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Splash Screen

Splash Screen

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Splash Screen

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  1. Splash Screen

  2. Chapter Introduction Section 1:Starting a Business Section 2:Sole Proprietorships and Partnerships Section 3:The Corporate World and Franchises Visual Summary Chapter Menu

  3. The profit motive acts as an incentive for people to produce and sell goods and services. Chapter Intro 1

  4. Imagine that you want to start a business. You will need to decide what your business will do, how you would like it to be structured, and whether you would like to work alone or with a partner. In this chapter, read to learn about the different ways that businesses are organized and what it takes to start a business. Chapter Intro 2

  5. Chapter Preview-End

  6. Section Preview In this section, you will learn about what a person needs to do to start his or her own business, as well as various forms of help available for business owners. Section 1-Main Idea

  7. Content Vocabulary • entrepreneur • startup • small-business incubator • inventory • receipts Section 1-Key Terms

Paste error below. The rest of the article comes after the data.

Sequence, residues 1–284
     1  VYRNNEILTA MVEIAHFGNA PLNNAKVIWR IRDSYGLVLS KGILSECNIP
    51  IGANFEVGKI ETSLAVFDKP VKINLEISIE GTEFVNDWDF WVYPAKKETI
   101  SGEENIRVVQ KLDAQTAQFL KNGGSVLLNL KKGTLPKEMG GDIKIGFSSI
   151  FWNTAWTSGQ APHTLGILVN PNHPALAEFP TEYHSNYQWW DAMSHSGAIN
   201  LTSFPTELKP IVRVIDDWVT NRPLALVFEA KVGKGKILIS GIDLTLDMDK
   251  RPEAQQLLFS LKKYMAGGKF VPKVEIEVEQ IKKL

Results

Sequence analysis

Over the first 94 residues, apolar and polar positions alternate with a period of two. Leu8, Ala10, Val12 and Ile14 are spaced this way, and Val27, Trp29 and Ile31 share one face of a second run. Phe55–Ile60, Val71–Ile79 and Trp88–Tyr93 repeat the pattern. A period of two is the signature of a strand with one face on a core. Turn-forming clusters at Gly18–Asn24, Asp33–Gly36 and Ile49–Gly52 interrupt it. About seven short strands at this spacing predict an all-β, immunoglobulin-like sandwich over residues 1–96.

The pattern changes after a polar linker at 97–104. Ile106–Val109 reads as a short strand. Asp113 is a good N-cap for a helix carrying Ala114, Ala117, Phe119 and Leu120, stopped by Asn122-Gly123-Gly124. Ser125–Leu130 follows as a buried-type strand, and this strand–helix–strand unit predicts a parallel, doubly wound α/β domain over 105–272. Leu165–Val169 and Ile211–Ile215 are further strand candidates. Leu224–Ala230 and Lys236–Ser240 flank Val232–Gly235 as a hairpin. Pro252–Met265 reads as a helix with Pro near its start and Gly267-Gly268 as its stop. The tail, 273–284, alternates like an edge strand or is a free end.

8. Academic Vocabulary • relevant • generate • document Section 1-Key Terms

  9. A B C Do you have any interest in starting your own business? A.Definitely B.Some interest C.Not at all Section 1-Polling Question

  10. Getting Started Businesses are started by entrepreneurs who are willing to take risks. Section 1

  11. Getting Started (cont.) • A person who starts his or her own business is called anentrepreneur. Section 1

  12. Getting Started (cont.) • An entrepreneur must: • Gather the relevant factors of production to produce their good or service. • Decide on the form of business organization that best suits their purposes. • Learn about the laws, regulations, and tax codes that will apply to their business. • Investigate their competition. Section 1

  13. Getting Started (cont.) • The federal government’s Small Business Administration, as well as other government agencies, often help finance startups. • Asmall-business incubator and the Internet also provide a wide array of information on how to start a business. View:Sources of Help for Business Startups Section 1

  14. A B C The small business incubator’s goal is to generate _____. A.jobs B.economic growth C.profit Section 1

  15. Elements of Business Operation There are four basic elements of business operation: expenses, advertising, record keeping, and risk. Section 1

  16. Elements of Business Operation (cont.) • Every business must consider four basic elements: • Expenses: • Inventoryand equipment • Wages • Taxes • Insurance • Utilities • In order to find out if you will make a profit, all expenses must be subtracted from your receipts. Section 1

  17. Elements of Business Operation (cont.) • Advertising: notifying potential customers you are open for business. • Record keeping: you will need a system to track your expenses and income. • There are programs on the Internet or software that can help with this. • Net worth—the difference between what you own and what you owe. • You also need to file your receipts properly for tax purposes. Section 1